There are books focusing on various decades and on teams. The racial inequalities of baseball in the 1950s are represented and the Pete Rose issue is looked at yet again. A stadium and a dream road trip are featured in books this year and another Babe Ruth book is out there.
It is a good year for any baseball fan. If APBA players need a break from rolling the dice, they can pick up any of the following books and continue to feed their obsessions. I know I did.
Here are some of the books published this year:
The Hall: A Celebration of Baseball's Greats. National Baseball Hall of Fame – At 624 pages, this is the complete registry of its inductees with photos, biographies and stories. Each section contains an essay written by a player or coach, including Henry Aaron, George Brett, Tommy Lasorda, Carlton Fisk, Nolan Ryan and more. The book won't come out until July 15, but it looks like it's going to be worth the wait.
A Nice Little Place on the North Side, George Will – The columnist who never met a word he could expand, writes about his love of the Chicago Cubs and Wrigley Field. I've read Will's “Men at Work,” the baseball book that featured Tony LaRussa and Tony Gwynn and, while it is interesting, it's very slow. His style of writing would calm a meth addict on a 36-hour binge.
Babe Ruth's Called Shot: The Myth and Mystery of Baseball's Greatest Home Run King, Ed Sherman – A look at the legendary 1932 World Series home run by Babe Ruth. Did he point to the stands in Game 3 when the Yankees played the Chicago Cubs and promise a home run off of Charlie Root? Sherman tries to answer that question.
Pete Rose: An American Dilemma, Kostya Kennedy – Despite having more hits than any other player in baseball, Rose isn't in the Hall of Fame due to his gambling. Should he be? Kennedy, who also wrote “56: Joe DiMaggio and the Last Magic Number,” about DiMaggio's consecutive game hit streak, researches Rose's career. I've read a portion of this in Sports Illustrated and it looks pretty insightful.
Jackie and Campy, William Kashatus – A great look at the strained relationship between Jackie Robinson and Roy Campanella on the early 1950s Brooklyn Dodgers teams. Kashatus does a great job of putting into context the issue of race in sports at the time and how each player dealt with it, and how their reactions helped to sever their own friendship. I recommend this one greatly.
1954: The Year Willie Mays and the First Black Superstars Changed Major League Baseball Forever, Bill Madden – This comes out in May. Madden looks at the two black superstars – Willie Mays and Lary Doby – who led their teams to the World Series in 1954.
The Fight of Their Lives, John Rosengren – The author of last year's book on Hank Greenberg, looks at the 10 seconds that changed the lives of John Roseboro and Juan Marichal in 1965. The Giants and Dodgers were in a pennant race when on Aug. 22, Marichal bludgeoned Roseboro with a bat sparking one of the more violent fights in baseball. Rosengren writes of the season leading up to the fight and the subsequent ways the two players dealt with the aftermath for years. Another great read.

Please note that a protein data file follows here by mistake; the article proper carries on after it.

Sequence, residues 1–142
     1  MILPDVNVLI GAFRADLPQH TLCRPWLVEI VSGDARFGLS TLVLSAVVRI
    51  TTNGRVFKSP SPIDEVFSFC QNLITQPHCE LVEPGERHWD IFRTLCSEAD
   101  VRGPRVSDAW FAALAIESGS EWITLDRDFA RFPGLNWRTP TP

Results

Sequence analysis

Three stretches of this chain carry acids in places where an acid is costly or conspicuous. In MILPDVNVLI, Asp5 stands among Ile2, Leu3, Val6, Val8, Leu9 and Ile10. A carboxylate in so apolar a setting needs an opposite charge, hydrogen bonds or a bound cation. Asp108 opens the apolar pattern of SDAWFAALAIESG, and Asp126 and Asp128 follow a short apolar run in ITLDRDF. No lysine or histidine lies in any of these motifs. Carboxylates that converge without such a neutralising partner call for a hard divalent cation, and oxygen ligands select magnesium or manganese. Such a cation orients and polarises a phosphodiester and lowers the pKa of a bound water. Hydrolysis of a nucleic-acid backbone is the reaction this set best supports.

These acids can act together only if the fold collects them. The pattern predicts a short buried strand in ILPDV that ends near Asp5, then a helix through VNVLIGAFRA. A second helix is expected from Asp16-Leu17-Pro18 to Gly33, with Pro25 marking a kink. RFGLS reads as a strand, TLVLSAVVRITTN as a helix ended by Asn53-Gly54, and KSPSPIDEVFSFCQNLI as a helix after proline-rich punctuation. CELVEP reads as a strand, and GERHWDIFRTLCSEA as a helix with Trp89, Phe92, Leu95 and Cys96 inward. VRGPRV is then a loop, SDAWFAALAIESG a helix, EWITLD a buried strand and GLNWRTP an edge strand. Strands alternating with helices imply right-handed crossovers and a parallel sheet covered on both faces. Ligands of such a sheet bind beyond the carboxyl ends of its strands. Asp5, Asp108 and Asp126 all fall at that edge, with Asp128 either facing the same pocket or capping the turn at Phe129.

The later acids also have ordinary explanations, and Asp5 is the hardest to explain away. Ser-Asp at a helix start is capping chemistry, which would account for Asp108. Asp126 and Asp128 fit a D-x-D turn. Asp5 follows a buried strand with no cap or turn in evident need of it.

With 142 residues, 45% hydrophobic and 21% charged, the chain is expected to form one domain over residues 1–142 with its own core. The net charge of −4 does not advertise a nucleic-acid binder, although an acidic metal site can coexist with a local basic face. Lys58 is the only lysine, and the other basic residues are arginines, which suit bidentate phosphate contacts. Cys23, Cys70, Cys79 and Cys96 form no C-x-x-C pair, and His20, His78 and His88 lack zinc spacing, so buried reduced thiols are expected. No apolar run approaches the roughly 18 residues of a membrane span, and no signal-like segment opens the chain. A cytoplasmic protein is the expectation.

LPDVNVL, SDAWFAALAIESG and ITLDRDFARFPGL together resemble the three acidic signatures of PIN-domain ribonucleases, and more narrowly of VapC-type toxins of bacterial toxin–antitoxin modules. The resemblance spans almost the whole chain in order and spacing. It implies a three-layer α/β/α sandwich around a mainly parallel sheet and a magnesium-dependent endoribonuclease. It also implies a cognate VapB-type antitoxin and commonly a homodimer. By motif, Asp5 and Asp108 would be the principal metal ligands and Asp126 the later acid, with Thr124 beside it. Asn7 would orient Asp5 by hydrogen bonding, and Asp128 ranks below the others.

Stars and Strike: Baseball and America in the Bicentennial Summer of '76 Dan Epstein – It was the season of Mark Fidrych, the Yankees, the Big Red Machine, Mike Schmidt and his Phillies and the celebration around the country's 200th birthday. This book comes out next week. It looks like a great motivation for anyone doing a late 1970s APBA replay.
Brooks, Doug Wilson – A biography of Oriole's third baseman Brooks Robison. About time. By the author of Bird, the bio on Mark Fidrych.
I Don't Care if We Never Get Back: 30 Games in 30 Days, Ben Blatt and Eric Brewster – The ultimate road trip sends two fans to baseball games across the country. The book is released on May 6 and early reviews look good. I've got it reserved at my library because I'm cheap.
Down to the Last Pitch: How the Minnesota Twins and the Atlanta Braves Gave Us the Best World Series of All Time, Tim Wendell – I'm biased, but the 1991 Series was my second favorite to watch only behind the 1987 Series, which the Twins also won.
Up, Up and Away, Jonah Keri – Perhaps the most interesting book on this list. It's a look at the Montreal Expos history. Regardless if you're a fan of the Canadian team, this book presents a slice of baseball history that can't be ignored.
Seasons in Hell, Mark Shropshire – This book is the re-release of Shropshire's book on the birth of the Texas Rangers, which was first published in 1996. It's not really new, but the book is certainly worth reading. I bought it used at a Memphis bookstore years ago and, along with Ball Four and Nice Guys Finish Last, it's a book I enjoy reading over and over. Shropshire writes about covering the Rangers in those early years for the Fort Worth Star-Telegram. It reads as if Hunter Thompson had the baseball insight of Jim Bouton.
These are just a few of the baseball books available this spring and summer.